Statistics suggest that Cole Hanauer won’t grow up to be an entrepreneur. The risk-takers of tomorrow are growing up in today’s middle-class families. Data from the nonprofit Ewing Marion Kauffman Foundation suggest that seven of 10 American entrepreneurs have come from the middle class. Only one in 100 was born very wealthy or very poor.
The middle class incubates entrepreneurs because it offers a good combination of time, resources, and motivation to invest in skills and climb the innovation ladder. Put it this way: The comforts that flowed from the Pacific Coast Feather Co., his then-modest family business, provided Nick Hanauer with a house full of books and days full of time to explore big ideas. Think of those comforts as an investment. The eventual return was Hanauer’s venture-capital portfolio. Poor families just scraping by at the margins can’t make those investments, so their children struggle to achieve in school and pursue higher education. Children from rich families may, thanks to their extreme childhood comforts, lack the desire to build wealth and climb the economic ladder, which the Kauffman study found to be a key motivation for would-be entrepreneurs.
The economy sags when kids who could have grown up to be physicists end up spending their lives brewing lattes at Starbucks. Or when a young woman born to be a teacher finds herself babysitting, for peanuts, while she waits for a classroom to open up.
Courtney Carbone, wrapped in a scarf and a nervous smile on a cool spring morning, is a transplant to the Northwest. She grew up in northwestern Connecticut, daughter of a carpentry teacher and a waitress who went on to teach preschool. Her parents were not so different from Nick Hanauer’s, actually.
From the age of 9, Carbone knew what she wanted to do with her life. She was bright and rebellious. At the prep school she attended on loans that her parents took out, she routinely skipped classes when she didn’t respect the teacher’s effort. “That just made me want to be a teacher even more,” Carbone says. “I wanted to be the one who made students want to show up.”
She got her wish after graduate school, landing a job teaching English at a Connecticut prep school. That was 2006. In 2009, the recession brought budget cuts crashing down on her school, and she lost her job. She drifted West in her teal 1997 Nissan Altima to live with a friend and look for a teaching job in Seattle.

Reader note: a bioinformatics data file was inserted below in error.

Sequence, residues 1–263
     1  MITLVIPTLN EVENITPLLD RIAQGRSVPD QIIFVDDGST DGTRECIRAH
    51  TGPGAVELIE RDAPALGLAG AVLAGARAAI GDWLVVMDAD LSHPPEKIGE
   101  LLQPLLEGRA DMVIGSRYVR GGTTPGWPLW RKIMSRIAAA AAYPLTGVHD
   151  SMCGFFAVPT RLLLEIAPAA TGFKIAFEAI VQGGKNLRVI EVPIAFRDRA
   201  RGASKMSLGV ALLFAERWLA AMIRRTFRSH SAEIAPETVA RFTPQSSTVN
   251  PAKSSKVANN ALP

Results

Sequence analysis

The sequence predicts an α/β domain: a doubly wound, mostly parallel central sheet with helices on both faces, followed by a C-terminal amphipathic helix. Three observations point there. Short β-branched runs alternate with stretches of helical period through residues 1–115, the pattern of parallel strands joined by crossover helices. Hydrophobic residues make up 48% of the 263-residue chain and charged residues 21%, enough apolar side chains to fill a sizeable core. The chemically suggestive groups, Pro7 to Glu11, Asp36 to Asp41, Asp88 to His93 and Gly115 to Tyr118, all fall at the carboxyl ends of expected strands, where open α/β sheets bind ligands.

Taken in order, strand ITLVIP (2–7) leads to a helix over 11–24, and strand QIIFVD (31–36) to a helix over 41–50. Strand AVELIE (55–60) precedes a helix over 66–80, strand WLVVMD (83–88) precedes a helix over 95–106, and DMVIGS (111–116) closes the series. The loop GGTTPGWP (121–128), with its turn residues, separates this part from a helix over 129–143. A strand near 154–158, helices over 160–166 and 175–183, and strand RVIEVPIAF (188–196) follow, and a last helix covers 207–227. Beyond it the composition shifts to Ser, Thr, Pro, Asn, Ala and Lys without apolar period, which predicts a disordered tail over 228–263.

She is still looking. Last year, she attended a regional job fair in Northern California, which she compared to speed dating. She got several interviews. No callbacks.
Carbone has nannied and babysat. She has applied for teaching jobs up and down the West Coast. She taught two composition classes at a community college for 11 weeks. She suffered from depression, lost her sense of identity, saw her relationship with her boyfriend dissolve. She moved briefly to Utah last winter to work in a child-care center at a ski resort, earning a season lift pass and less than $10 an hour. Now, back in Seattle, she is caring for a friend’s two special-needs children, for $15 an hour, in cash.
Carbone happens to be looking for a teaching job at the worst possible time. Washington state has shed 6,500 local education positions since 2009, due to budget cuts. “I know that every time I apply for a job, I’m one of hundreds of people,” she says. “But at the same time, knowing something and feeling something are different things. After a while [not getting a job] starts to eat away at your soul.”
Carbone isn’t spending money, isn’t feeding that great middle-class consumption engine of growth. She’s paying a very small amount in sales taxes, which largely fund the state’s road-building and school budgets. She’s not doing her part to support the institutions that help stabilize growth.
“I keep selling things and getting rid of stuff,” Carbone says. “It’s freeing, in a way. But I do keep dreaming of the apartment I had when I was a teacher, full of plants and beautiful things that were mine.”
Carbone’s struggles aren’t rare, even in one of America’s most innovative cities. Seattle hides its erosion better than a lot of other places, away from the rain-soaked microbrew pubs and the towering new Amazon buildings near downtown. “This feels idyllic,” says Jake Rosenfeld, a sociologist at the University of Washington. “Seattle doesn’t seem like a place I’d worry about.”
Except, he does. State forecasters expect no net middle-class job growth in the next decade, The Seattle Times recently reported. The state Supreme Court has declared that Washington’s schools are failing their constitutional mandate to educate all children adequately. Tuition at Rosenfeld’s university now runs 20 percent of a median family income, up from 6 percent two decades ago. The Seattle-based real-estate data firm Zillow reports that middle- and lower-tier homes in the metro area lost an average of 38 percent of their value in the housing collapse, compared with 29 percent for top-tier homes.